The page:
"The Agony of Power"

Starting Over: The value of crisis

Societies change and the arts are at the center of how we understand both the societies and the change

Nearly every day during my particular version of shelter-in-place, I sift through articles and essays (not to mention tweets) from likely sources, hoping to find out what in the blazes is going on out there. Or in here. Surely, I think, somebody has figured this stuff out, and so I search. 

I’ve been productively edified and instructed, pleasantly amused and delighted, annoyingly frustrated and aggravated, and alternatingly filled with dread and anxiety. You have to love the cycle that starts with anxiety, leads to dread, and then ends up back at anxiety. We’re all Kierkegaardians now!

Last week I ran into science fiction writer Kim Stanley Robinson’s essay, “The Coronavirus Is Rewriting Our Imaginations” in the New Yorker’s excellent feed. Robinson opened his argument with a reference from the late culture critic Raymond Williams, who argued in “The Long Revolution” that each historical period has its own, distinct “structure of feeling.” Robinson neatly paraphrases Williams’ observation about cultural difference as “a distinct way of organizing basic human emotions into an overarching cultural system. Each had its own way of experiencing being alive.”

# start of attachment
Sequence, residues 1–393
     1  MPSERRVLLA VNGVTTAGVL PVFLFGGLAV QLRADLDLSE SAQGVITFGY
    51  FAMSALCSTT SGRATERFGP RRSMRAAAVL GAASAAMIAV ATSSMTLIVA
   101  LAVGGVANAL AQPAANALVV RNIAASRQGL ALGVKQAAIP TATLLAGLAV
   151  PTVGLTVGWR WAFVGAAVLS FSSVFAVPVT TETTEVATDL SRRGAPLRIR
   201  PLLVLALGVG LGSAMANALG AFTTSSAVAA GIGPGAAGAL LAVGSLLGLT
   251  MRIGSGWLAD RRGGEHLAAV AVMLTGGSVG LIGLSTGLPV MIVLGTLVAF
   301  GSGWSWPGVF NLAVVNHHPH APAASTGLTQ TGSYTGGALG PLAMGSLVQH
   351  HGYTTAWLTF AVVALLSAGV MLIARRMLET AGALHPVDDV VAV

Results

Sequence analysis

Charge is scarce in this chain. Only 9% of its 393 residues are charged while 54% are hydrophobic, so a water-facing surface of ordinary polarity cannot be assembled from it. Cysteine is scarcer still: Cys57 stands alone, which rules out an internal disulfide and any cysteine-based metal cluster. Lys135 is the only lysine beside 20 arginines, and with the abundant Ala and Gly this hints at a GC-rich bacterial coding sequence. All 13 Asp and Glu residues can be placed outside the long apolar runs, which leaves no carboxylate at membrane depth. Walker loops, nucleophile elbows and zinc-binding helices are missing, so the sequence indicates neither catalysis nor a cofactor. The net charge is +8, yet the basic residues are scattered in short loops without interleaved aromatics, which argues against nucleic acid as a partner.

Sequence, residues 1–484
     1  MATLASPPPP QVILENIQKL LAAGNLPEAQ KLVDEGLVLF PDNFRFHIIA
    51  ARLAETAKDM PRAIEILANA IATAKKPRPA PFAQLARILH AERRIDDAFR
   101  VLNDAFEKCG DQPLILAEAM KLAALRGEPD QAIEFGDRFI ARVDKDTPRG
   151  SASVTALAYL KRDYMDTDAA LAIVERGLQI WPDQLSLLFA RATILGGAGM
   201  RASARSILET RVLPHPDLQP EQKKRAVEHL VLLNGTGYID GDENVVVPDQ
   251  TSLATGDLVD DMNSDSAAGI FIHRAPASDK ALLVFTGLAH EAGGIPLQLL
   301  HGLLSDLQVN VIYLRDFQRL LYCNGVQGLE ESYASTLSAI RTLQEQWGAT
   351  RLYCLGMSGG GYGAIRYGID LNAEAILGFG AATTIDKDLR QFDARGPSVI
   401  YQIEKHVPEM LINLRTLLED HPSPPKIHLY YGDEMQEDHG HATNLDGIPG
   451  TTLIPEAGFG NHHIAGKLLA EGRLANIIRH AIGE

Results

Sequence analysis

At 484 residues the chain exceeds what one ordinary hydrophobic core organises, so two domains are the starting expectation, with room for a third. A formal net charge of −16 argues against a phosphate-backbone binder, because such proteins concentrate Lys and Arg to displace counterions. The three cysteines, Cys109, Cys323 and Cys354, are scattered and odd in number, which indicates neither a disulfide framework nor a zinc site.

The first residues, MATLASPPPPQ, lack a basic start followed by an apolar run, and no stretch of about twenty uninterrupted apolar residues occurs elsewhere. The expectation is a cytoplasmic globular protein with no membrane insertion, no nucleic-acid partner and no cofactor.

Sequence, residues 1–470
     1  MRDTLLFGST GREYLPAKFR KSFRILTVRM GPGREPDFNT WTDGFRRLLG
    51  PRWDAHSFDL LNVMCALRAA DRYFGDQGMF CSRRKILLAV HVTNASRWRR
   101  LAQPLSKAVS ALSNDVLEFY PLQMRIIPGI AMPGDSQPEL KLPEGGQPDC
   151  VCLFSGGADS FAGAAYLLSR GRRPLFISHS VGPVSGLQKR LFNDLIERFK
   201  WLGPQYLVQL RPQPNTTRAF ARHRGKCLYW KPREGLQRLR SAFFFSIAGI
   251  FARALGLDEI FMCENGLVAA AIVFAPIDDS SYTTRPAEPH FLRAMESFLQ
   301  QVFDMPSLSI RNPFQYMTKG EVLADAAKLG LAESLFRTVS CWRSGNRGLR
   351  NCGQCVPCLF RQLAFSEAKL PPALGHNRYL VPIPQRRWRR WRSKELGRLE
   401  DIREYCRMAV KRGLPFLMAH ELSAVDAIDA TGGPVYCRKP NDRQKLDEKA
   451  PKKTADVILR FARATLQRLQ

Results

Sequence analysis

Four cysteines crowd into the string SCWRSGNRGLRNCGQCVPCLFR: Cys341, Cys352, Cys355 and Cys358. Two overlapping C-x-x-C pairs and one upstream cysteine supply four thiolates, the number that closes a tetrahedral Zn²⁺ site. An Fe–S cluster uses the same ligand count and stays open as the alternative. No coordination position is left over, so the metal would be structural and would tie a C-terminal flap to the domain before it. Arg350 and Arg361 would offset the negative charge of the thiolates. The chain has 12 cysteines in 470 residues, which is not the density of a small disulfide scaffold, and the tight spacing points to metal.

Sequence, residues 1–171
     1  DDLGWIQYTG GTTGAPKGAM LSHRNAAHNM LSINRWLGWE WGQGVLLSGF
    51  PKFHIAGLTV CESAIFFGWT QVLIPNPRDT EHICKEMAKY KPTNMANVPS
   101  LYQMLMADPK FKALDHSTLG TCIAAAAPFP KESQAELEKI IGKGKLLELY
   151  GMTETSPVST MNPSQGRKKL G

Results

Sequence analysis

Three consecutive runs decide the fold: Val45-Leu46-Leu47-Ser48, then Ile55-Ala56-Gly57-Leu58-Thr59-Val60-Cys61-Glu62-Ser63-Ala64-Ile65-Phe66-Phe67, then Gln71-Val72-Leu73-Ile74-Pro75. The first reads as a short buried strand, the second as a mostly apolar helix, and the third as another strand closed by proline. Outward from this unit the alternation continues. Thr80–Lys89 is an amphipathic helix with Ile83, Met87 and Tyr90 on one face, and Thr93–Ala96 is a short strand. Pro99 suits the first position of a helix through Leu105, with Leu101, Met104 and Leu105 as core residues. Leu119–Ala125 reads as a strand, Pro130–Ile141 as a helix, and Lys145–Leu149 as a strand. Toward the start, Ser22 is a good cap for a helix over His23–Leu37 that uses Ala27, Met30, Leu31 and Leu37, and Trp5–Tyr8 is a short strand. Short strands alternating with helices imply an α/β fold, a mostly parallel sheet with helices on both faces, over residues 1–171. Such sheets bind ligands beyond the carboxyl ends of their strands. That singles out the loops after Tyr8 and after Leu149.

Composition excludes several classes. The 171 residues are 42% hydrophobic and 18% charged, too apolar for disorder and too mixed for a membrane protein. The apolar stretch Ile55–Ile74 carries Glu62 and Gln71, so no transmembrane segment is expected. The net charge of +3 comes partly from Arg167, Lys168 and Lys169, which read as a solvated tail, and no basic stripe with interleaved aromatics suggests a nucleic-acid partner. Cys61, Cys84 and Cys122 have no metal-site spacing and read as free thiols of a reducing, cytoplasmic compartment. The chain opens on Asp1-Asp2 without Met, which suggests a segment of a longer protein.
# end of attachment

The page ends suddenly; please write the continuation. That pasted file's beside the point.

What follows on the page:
Robinson then goes on to argue that we are (or maybe it’s “we should be”) entering a new cultural system through the door of the pandemic. That’s good: We need to turn the page on our current system if we are going to mitigate the disaster of climate change in a meaningful way.

Continues…